The experience of coalition government has clearly done the Liberal Democrats massive damage. Their unpopularity should not be seen as the straightforward consequence of Nick Clegg reneging over his promise regarding university tuition fees, but as indicative of a wider discontent with Liberal Democrat policies. Whilst I am no fan of our mainstream political parties, when the Coalition Government formed I had a glimmer of hope – admittedly illusory – that the fusion of the separate policy agendas of the Conservatives and Liberal Democrats could result in something more positive than either alone would impose. Like many people, from the Conservatives I hoped for a robust approach to the EU which would have presented us with the option of withdrawal, as well as an end to mass immigration and to the legislation that muzzles free speech in the name of political correctness, whereas I wished for the Liberal Democrats' approach to economics to temper the asset-stripping globalist monetarism of the Conservatives.
This best of both worlds outcome however, was not to be, for we ended up with an inversion of this scenario: the rigorous promotion of Liberal Democrat policies in favour of the EU, mass immigration and political correctness, combined with the ongoing ruinous globalist economics promoted by Osborne. Who therefore, other than the stereotypical sandal-wearing bearded liberals of yore, would have any positive regard for the Liberal Democrats today? Personally, I know people who have supported the Liberal Democrats and their predecessor parties for decades (none of whom wear sandals or sport beards of any description), and yet they are disgusted with the party’s attitude towards the EU, mass immigration and political correctness, as well as of course, tuition fees. They would willingly support a party that put an end to this ongoing undermining of our national sovereignty and social fabric, providing of course that it was reasonable, in favour of genuine freedom of speech, assembly and expression, and not some monstrous authoritarian entity harbouring tacit agendas imbued with sinister motives. In this respect, they are like many people today, who feel that they possess no real political choice and no viable political party to vote for. A new mainstream anti-globalist party with a libertarian streak is required, and the various alternatives currently being hawked in the political market place do not fit the bill.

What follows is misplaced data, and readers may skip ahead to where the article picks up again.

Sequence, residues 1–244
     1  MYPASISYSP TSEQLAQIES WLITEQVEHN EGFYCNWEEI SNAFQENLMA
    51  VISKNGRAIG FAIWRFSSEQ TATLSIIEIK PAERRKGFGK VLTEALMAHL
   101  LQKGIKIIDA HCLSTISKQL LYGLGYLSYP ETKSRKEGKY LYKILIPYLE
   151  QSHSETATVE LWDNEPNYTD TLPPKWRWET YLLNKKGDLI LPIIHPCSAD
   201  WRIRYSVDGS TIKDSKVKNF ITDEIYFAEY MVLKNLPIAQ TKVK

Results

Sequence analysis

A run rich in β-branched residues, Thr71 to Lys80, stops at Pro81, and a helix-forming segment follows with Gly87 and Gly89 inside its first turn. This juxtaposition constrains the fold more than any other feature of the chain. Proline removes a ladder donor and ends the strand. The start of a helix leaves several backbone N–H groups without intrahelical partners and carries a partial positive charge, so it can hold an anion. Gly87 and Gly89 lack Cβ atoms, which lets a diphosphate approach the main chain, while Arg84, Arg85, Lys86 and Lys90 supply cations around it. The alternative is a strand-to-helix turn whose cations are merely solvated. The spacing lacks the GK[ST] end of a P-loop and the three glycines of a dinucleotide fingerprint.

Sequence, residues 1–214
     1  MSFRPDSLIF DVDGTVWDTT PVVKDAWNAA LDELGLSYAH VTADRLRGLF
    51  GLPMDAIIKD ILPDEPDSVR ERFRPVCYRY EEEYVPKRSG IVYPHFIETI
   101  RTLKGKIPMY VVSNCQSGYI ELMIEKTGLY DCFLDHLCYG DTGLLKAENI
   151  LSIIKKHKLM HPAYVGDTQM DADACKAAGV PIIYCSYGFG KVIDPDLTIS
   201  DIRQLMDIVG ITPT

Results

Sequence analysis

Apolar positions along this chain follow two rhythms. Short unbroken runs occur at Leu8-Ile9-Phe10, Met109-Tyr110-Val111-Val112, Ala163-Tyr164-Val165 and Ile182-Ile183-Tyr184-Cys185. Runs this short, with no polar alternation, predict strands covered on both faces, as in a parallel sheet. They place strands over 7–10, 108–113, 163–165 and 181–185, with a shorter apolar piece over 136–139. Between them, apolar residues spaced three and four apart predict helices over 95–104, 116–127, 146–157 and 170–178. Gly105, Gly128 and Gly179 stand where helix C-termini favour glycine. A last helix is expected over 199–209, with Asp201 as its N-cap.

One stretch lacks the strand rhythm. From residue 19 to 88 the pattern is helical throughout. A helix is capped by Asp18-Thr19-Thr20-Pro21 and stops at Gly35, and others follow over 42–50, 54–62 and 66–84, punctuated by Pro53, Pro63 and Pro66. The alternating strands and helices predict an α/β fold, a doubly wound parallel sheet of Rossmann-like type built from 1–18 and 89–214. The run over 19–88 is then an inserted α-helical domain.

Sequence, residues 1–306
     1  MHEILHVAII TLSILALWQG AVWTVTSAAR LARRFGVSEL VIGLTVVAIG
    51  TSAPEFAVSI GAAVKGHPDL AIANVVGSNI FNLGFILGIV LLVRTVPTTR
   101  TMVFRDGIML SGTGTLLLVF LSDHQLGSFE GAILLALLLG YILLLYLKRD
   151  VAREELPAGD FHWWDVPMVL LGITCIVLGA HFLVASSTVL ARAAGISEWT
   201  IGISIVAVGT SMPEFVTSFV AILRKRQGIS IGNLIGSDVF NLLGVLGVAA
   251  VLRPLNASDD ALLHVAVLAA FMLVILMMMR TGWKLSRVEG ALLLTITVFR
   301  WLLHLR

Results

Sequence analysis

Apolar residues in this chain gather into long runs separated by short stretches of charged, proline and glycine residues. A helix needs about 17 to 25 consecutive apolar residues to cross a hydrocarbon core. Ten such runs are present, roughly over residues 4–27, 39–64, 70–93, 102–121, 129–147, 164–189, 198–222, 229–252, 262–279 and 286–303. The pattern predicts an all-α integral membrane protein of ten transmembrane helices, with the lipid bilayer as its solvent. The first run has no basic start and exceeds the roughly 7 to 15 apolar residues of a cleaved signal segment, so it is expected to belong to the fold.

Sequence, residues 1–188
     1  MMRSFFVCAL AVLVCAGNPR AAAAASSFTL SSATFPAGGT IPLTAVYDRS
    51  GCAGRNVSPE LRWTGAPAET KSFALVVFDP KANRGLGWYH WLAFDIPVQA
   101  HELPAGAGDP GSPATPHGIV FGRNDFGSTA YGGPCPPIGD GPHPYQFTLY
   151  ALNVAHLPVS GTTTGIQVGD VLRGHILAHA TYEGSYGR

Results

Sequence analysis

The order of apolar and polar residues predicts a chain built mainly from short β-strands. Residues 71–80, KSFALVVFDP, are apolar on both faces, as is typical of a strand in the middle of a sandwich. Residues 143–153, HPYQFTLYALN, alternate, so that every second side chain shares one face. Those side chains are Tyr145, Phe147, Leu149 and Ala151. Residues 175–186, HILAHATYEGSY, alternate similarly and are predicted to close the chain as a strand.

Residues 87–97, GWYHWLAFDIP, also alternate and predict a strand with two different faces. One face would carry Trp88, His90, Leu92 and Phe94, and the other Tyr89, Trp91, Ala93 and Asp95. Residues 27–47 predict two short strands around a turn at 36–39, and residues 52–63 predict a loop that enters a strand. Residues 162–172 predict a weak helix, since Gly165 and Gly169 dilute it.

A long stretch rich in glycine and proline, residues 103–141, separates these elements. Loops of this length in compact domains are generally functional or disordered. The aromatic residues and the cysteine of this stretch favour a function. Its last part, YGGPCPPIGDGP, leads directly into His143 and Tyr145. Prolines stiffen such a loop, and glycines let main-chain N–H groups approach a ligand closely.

Returning to the question of the future electoral prospects of the Liberal Democrats, what lies in store? One development that could have a major bearing upon their prospects relates not to their current unpopularity in England and Wales, but to the future status of Scotland, for it could, after all, theoretically have left the Union by 2015. Scotland is home to 11 Liberal Democrat MPs. Another major bailiwick for the party is the West Country, where it has for many years provided the effective opposition to the Conservative Party and has won an impressive number of seats. Quite how many of these it might lose in 2015 however is moot, for the West Country is also one of the strongest areas for UKIP, which given its current stronger showing could take considerable numbers of votes from Conservative candidates in many seats where they are challenging the Lib Dems, potentially allowing the latter to retain their seats. It is a complicated picture, and we have another two and a half years before the next General Election, so much could change in that time. Nonetheless, whatever should happen, the future does not look bright for the Liberal Democrats who could be replaced by UKIP as the nation’s third party. Then again, what impact might a new political entity with the correct policy formulation make? Time will tell.
Liberal Democrats: not flying high